Runners will be inspired by the memories of loved ones as they run through the pain barrier during the Perkins Great Eastern Run this weekend.
The annual half marathon and fun run takes place in Peterborough on Sunday, with thousands of amateur athletes pounding the streets to raise funds for local and national charities.
Every runner has their own story to tell, with many choosing a charity which is close to their hearts.
Abigail Luker (45) will be running the 13 miles in memory of ex-husband Ben Devonshire.
The former policeman and Commonwealth Games weightlifting medallist died earlier this year from a heart condition - just a few months after his brother, Francis, died from the same condition.
Abigail, from Stilton, who will be running with friend Sammy Darling, said: “They both had a congenital heart problem that had not been picked up. It had effectively been lying in wait for them.
“We were still very close, and our daughter, Lily, has been through so much over the past year.
“I am running in memory of Ben - he was a good bloke.
“I have never done anything like this before - I am hoping to run under three hours. We have raised £750 for the British Heart Foundation so far.
“I don’t think Ben would have run it, but I know he would have been very proud.”
To sponsor Abigail visit www.justgiving.com/fundraising/lily-devonshire.
Wendy Freeland, of Orton Brimbles, has been using her mum’s love of Motown music to keep her going through the long training runs this year.
Barbara died at Thorpe Hall Hospice in March after a battle with cancer, and Wendy will raise money for the Thorpe Hall hospice to pay tribute to the work the staff did looking after her mum.
Barbara had been diagnosed with cancer at the beginning of the year, and her family cared for her at home as she wished. But providing that care became harder and harder. The turning point came when Barbara could no longer get out of bed to use the toilet. Feeling her dignity was going she suggested Thorpe Hall Hospice may be a better place for her to be.
Wendy said: “Mum hadn’t really known we were there over the weekend and we barely had a conversation with her. But within hours of being at Thorpe Hall that Monday the transformation was just incredible. With the right medication and level of care she was sitting up in bed instead of being slumped over. The fluid had drained from her face. She was laughing and joking. And most importantly she was comfortable.”
The following nine days were full of love and laughter for the Freeland family.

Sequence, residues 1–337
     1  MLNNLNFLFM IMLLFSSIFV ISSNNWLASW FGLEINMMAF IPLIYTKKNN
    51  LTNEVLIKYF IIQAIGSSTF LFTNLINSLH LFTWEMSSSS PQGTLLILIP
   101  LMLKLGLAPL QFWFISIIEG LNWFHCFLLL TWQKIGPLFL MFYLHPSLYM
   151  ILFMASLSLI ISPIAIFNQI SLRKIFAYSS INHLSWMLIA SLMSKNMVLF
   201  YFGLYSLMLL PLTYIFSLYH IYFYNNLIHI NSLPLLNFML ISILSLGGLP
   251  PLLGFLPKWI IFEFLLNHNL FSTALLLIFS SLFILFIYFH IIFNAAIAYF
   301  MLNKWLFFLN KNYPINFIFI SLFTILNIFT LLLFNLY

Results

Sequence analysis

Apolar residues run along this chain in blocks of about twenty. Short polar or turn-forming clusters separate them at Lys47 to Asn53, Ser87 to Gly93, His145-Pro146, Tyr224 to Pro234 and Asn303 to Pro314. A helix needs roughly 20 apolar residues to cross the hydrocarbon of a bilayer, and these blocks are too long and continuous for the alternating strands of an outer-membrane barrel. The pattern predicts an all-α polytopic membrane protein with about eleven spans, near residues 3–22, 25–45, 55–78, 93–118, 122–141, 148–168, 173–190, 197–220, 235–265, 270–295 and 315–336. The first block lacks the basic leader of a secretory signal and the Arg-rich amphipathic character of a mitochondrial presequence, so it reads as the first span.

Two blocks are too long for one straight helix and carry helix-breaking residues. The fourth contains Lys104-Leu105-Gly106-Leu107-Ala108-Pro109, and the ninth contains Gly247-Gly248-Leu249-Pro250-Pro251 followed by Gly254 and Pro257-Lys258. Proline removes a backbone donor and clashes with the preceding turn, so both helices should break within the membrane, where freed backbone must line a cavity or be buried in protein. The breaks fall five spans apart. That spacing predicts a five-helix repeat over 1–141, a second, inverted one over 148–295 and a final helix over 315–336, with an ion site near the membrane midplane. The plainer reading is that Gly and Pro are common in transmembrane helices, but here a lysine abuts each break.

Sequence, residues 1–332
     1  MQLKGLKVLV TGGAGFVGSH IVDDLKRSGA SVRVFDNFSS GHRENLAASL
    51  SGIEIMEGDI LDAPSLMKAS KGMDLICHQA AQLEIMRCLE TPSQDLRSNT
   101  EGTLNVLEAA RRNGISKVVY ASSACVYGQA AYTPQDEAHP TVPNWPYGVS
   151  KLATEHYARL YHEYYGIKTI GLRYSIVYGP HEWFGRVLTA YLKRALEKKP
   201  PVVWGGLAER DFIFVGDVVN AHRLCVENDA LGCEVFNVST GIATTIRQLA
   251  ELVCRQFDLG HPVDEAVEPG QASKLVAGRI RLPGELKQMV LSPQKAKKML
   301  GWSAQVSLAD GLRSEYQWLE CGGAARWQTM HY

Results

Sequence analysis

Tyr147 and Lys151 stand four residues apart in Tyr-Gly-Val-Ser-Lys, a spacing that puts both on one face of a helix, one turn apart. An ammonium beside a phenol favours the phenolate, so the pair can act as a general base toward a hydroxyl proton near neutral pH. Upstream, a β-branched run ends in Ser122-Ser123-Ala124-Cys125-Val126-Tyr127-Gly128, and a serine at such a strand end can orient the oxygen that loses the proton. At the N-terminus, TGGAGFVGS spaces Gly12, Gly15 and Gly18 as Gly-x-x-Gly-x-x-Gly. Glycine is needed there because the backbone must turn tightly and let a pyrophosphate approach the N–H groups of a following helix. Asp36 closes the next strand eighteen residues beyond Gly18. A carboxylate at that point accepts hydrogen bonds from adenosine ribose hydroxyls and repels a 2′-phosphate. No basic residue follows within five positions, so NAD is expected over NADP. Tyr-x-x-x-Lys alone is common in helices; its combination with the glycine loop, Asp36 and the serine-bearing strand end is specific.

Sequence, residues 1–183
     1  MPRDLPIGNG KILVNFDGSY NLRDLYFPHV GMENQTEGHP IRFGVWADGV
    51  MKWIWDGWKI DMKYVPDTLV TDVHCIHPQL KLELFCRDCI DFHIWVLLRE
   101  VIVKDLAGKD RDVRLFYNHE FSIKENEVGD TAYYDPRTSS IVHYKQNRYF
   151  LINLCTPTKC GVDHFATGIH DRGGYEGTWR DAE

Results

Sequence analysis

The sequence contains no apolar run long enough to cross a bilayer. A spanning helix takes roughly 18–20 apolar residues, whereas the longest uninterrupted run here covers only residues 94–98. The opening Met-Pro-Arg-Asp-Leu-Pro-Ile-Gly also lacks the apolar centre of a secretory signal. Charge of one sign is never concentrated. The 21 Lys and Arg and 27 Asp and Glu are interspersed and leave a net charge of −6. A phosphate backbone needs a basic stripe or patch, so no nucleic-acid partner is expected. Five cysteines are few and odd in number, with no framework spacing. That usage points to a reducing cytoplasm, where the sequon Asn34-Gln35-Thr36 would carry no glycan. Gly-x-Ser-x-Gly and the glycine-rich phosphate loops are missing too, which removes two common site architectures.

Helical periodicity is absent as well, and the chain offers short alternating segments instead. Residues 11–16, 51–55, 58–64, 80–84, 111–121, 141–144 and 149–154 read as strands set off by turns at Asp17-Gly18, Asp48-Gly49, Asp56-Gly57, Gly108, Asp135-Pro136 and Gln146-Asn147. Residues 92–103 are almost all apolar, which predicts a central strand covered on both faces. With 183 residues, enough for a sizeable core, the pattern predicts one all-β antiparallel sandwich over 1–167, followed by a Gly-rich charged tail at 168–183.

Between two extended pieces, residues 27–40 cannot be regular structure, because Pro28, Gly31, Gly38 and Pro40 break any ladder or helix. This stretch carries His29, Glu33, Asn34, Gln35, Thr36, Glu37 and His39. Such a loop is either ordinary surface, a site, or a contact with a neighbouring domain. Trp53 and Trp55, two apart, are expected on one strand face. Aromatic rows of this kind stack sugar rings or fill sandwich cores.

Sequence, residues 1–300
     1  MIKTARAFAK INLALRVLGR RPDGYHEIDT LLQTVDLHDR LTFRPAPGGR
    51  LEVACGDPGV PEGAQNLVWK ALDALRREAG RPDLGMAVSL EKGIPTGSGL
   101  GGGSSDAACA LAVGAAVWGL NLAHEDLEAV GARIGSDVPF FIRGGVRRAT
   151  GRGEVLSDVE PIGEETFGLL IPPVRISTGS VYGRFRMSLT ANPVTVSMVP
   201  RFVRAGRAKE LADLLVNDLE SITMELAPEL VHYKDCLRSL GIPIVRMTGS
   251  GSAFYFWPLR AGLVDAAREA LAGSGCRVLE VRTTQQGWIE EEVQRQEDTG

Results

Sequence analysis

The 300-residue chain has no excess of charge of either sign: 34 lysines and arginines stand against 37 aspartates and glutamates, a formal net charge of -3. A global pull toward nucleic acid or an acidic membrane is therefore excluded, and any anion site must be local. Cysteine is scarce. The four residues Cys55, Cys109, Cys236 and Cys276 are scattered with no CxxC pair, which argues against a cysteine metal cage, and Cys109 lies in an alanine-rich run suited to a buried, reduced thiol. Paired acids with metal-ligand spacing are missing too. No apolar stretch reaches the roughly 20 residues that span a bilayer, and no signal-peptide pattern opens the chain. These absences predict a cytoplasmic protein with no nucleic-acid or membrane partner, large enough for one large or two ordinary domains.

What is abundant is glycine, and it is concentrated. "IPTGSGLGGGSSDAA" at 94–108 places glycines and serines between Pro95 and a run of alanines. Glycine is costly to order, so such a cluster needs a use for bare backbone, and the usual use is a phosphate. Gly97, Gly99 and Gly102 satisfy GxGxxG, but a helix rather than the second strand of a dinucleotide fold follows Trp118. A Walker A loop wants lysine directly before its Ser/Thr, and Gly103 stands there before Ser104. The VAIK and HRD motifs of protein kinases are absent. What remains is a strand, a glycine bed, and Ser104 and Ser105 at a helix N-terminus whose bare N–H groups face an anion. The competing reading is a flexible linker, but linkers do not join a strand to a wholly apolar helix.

“We went back to being her family because someone else was doing the caring,” said Wendy, a mum-of-three. “She did colouring and drawing with the grandchildren and we wheeled her outside in her bed so she could watch them on the play equipment. They went from being scared about seeing Nanny looking so poorly to asking when they could go and see Nanny because it was fun!”
Wendy has been training hard with her partner Steve for the run - although she expects Steve to be quicker than her. She said: “My partner Steve is a really keen runner and I’ve often cheered him on from the sidelines,” said Wendy. “I started doing a little bit of running after Mum died and I found it helped, particularly when I listened to her favourite songs. We are so grateful for what Thorpe Hall did for us I wanted to raise money – being sponsored to do something so far out of my comfort zone felt worthwhile.”
For more information about supporting Sue Ryder’s Thorpe Hall Hospice, call fundraising team on 01733 225999 or emailing Thorpe.firstname.lastname@example.org
Del Singh, of Eastfield Road, was inspired to take part after one of his friends was taken ill.
He said: “A friend of mine, Darren, came to see me, and said he had bladder cancer - it was a cruel twist as he had always had a healthy lifestyle .
“I wanted to do something to help, so I signed up to do the Great Eastern Run for Cancer Research.
“We all know someone who has been affected by cancer - it touches us all in one way or another.”
Del - who has started presenting his own chatshow on satellite TV station The Sikh Channel - said he is hoping to use his guests as inspiration.
He said; “I will be interviewing the director of Cancer Research UK, Sir Hapal Singh Kumar, on my show later this year - he is such an intelligent man. I will also be interviewing Fauja Singh two days before the race - he is one of the oldest marathon runners in the world, so he will be a huge inspiration to me - if he can run a marathon aged 100, I can run a half marathon aged 55!”
To sponsor Del, visit www.justgiving.com/fundraising/del-singh.
Both the half marathon and the Anna’s Hope fun run will start and finish on The Embankment. The 5km fun run starts at 10am on Sunday October 8 and the half marathon follows at 10.30am.
The following roads will be closed between 9.30am and 10.45am: Rivergate, Bourges Boulevard (southbound) from the Queensgate roundabout, Priestgate, Cathedral Square, Long Causeway and Broadway.
In general, all other roads along the route will be closed from 9.30am until 2pm. However, as the last runner passes each mile point, that road junction will reopen.
The mile points and approximate reopening times are:
1 mile - 11am - Broadway to Northminster
2 mile - 11.15am - Park Road to Park Crescent
3 mile - 11.30am - Fulbridge Road to Foxdale
4 mile - 11.45am - Paston Ridings to Witham Way
5 mile - 12pm - Corfe Avenue to Rockingham Grove
6 mile - 12.15pm - Lincoln Road to Staverton Road
7 mile - 12.30pm - David’s Lane to Hodgson Avenue
8 mile - 12.45pm - Fulbridge Road to Aster Drive
9 mile - 1pm - Donaldson Drive to Pratt Avenue
10 mile - 1.15pm - Fulbridge Road to Tennyson Road
11 mile - 1.30pm - Dogsthorpe Road to Park Road
12 mile - 1.45pm - Eastfield Road to Boongate
13 mile - 2pm - Embankment - finish